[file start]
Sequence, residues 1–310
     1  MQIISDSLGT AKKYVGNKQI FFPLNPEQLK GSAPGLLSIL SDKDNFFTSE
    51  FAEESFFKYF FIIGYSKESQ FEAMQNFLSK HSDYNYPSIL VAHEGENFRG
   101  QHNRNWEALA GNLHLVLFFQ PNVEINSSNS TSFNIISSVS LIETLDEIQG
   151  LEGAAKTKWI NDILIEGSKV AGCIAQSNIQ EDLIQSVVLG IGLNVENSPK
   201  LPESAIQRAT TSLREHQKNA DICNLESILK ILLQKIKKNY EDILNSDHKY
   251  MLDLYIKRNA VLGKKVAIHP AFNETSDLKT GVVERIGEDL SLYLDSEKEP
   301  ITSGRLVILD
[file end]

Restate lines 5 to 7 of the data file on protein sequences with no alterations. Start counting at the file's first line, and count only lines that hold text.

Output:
   151  LEGAAKTKWI NDILIEGSKV AGCIAQSNIQ EDLIQSVVLG IGLNVENSPK
   201  LPESAIQRAT TSLREHQKNA DICNLESILK ILLQKIKKNY EDILNSDHKY
   251  MLDLYIKRNA VLGKKVAIHP AFNETSDLKT GVVERIGEDL SLYLDSEKEP